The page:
The villages of Seavington St Mary and Seavington St Michael in South Somerset


Until the mid 20th century agriculture was the main occupation of the villages with a mixture of livestock and cash crops sustaining both villagers and landowners. By the end of 18th century much flax was being cultivated but the Seavingtons were spared the associated industrialisation that went with the growth of the textile industry. Instead, products were exported to nearby industrial towns of Chard and Crewkerne and, to a lesser extent, Ilminster. The reason for this escape is hard to understand when the nearby and much smaller hamlet of Sea was able to boast a ropewalk (Willy’s Ropewalk) which worked up to recent memory and some of whose buildings still stand.

However, a small exception to this were the menial tasks of the washing of wool and preparation of flax in the village pond before export. This latter process comprised the “retting” of the flax by soaking in water to separate the desirable fibres; this is still recognised by the local surname “Retter” although the title of retter was also given to net makers. The industrial revolution brought from the neighbouring towns some limited outworking, glove and collar making, carried out by the women and girls.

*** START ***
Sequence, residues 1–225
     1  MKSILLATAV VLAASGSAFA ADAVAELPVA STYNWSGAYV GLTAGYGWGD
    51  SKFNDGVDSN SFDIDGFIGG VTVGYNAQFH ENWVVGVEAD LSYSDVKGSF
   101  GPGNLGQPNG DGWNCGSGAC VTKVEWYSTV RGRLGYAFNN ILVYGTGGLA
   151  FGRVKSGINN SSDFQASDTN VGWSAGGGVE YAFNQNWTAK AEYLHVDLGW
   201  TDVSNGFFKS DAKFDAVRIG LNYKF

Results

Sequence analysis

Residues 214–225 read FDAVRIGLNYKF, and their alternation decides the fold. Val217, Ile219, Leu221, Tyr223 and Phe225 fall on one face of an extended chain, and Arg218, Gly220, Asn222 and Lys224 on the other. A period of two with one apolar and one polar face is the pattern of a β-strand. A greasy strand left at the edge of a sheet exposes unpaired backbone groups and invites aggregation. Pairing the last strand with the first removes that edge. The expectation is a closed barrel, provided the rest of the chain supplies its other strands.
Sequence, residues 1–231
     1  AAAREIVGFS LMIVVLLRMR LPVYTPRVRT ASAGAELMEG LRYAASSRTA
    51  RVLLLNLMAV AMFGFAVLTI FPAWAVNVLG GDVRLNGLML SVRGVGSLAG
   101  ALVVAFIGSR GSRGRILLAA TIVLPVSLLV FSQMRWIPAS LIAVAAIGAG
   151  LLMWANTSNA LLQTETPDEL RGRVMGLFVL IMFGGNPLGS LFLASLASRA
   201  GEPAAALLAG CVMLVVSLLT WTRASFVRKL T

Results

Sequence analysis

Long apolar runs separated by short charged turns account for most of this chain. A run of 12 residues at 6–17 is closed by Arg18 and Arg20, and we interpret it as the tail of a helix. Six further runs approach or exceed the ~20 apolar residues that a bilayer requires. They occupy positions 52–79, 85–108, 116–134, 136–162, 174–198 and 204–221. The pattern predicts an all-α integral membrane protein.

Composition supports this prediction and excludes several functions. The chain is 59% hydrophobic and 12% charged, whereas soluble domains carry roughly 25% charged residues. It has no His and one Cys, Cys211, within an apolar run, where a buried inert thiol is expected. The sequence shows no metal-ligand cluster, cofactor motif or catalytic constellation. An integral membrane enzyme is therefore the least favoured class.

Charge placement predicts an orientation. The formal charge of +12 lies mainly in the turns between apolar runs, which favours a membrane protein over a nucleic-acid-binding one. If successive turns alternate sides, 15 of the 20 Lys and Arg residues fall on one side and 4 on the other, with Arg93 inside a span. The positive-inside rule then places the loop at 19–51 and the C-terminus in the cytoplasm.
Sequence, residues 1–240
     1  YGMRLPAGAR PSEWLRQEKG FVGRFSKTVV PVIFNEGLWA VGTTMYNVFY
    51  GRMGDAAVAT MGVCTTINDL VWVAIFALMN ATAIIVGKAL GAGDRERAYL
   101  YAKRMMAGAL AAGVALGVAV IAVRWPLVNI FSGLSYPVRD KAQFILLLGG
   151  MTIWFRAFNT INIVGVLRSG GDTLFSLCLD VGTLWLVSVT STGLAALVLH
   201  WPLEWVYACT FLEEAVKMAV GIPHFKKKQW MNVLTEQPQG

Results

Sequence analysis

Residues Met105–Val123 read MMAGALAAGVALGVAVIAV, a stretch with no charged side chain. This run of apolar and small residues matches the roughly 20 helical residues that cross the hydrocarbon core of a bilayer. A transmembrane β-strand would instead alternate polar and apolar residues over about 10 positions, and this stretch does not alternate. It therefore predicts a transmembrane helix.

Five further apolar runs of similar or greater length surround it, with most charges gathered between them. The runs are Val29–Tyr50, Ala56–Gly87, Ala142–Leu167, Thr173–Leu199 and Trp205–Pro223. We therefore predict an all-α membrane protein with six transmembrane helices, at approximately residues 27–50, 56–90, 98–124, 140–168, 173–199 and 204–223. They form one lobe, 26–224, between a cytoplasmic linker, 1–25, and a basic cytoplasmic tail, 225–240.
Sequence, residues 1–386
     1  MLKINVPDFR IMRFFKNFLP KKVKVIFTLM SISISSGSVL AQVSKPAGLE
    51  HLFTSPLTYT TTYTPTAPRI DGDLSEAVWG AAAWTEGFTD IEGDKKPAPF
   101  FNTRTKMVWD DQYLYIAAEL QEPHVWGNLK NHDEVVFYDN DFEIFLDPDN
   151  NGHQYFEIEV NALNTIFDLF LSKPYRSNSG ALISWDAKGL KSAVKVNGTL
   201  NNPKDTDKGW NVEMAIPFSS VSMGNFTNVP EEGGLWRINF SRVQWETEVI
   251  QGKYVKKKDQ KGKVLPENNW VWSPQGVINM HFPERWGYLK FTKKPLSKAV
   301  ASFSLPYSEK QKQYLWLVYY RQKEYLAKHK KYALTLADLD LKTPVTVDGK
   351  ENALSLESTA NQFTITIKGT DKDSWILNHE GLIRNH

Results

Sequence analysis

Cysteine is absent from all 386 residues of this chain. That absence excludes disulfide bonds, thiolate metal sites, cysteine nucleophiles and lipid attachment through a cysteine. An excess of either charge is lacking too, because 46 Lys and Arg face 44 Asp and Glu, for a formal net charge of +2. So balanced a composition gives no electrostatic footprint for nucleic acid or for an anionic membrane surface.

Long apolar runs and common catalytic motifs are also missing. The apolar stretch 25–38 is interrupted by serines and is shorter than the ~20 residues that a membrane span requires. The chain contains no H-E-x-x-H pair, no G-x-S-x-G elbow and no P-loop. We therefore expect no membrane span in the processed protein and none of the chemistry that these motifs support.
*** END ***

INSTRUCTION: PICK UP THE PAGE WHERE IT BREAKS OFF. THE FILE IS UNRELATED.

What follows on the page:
A century later, the villages are still surrounded by agriculture but consolidation of land holdings, mechanisation and government inspired rationalization means that it is very much a minority employer. Even the traditional Somerset cider orchards have been grubbed out to create grazing and arable land. By the time of the 2000 census half of the two villages’ working population was employed in managerial and professional positions; with the exception of a few home-workers these travel to jobs away from the villages.

With the exception of the pub, The Volunteer (so named in the 1830s) in Seavington St Michael there are only three substantive employers in the villages, a dealer in imported Japanese handling equipment, a wholesale potato merchant and a repairer of domestic gardening equipment. There is thus very little opportunity for full or part time employment in either village. About 20% of the combined populations are over 65 and therefore retired.

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